In Japan, it is now possible to hire attractive young men to come to your workplace and comfort you while you weep. For a mere 7,900 yen, or $65, a dashing gentleman will come right to your cubicle, wipe away your tears, and even watch sad videos with you if you need some help getting the waterworks going.
The Tokyo-based company Ikemeso Danshi, which translates roughly to, “Handsome Weeping Boys” was created by Hiroki Terai, a businessman with a knack for finding lucrative gaps in the Japanese market, pertaining mostly to the emotional health of a largely overworked, socially reclusive society. An avid believer in the healing effects of rui-katsu, or “tear seeking,” Terai’s previous business ventures include a service offering ceremonies to mark the end of a marriage, during which clients indulge in a good cry and end up feeling, well, healed! Terai also produced a series of free, sad movie clip screenings in 2013, the goal of which was to encourage strangers to cry together in public. Last year, he published a book, also called Ikemeso Danshi, featuring photographs of male models crying.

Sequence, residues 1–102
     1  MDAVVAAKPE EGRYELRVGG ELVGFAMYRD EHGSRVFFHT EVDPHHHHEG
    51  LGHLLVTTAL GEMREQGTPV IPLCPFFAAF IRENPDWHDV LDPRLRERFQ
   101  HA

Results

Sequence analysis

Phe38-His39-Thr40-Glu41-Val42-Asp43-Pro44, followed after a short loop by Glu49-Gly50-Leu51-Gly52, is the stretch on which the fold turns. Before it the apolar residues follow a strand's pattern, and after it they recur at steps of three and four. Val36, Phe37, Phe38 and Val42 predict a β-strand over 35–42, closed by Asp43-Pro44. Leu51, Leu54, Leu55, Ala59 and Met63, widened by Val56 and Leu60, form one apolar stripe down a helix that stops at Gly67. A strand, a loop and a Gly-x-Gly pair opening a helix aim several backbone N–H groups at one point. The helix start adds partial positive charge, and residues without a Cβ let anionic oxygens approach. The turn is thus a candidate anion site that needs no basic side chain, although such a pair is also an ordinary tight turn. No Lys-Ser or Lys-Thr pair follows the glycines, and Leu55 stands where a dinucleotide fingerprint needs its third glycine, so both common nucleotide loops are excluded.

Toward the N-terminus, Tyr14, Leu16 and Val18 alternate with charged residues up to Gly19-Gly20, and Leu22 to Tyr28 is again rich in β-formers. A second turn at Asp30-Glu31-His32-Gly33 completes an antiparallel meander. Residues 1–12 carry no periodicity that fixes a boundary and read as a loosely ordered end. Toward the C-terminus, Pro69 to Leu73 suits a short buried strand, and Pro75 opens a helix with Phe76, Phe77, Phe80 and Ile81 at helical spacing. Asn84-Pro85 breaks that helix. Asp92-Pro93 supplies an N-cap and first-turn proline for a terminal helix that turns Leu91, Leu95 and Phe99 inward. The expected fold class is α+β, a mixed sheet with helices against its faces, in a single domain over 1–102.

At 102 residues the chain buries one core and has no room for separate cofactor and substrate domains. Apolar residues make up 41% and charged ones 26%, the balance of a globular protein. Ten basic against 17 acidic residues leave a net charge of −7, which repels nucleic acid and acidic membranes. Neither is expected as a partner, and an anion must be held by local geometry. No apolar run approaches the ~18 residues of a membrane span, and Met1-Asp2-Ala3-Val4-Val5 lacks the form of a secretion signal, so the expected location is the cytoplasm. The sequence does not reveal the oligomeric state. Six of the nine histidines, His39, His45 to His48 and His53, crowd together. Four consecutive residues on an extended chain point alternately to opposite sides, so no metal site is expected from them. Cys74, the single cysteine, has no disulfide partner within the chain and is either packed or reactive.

The company's website offers a peek at the different "types" of tear-wiping services they offer-- ranging from rugged dudes to more boyish, fresh-faced lads.
Ikemeso Danshi is a company that operates under the conviction that communal emotional vulnerability could ease the angst and loneliness of a society that is becoming more socially isolated. According to government statistics, about one-third of Japanese households contain only one person, and by 2035, it is projected that people living alone will comprise almost 40% of Japanese households. Since the 1970s, the country's divorce rate has been steadily increasing as the marriage rate has plummeted. For a culture that prides itself on an iron work ethic and total self-sufficiency, maybe a good cry really can make a difference.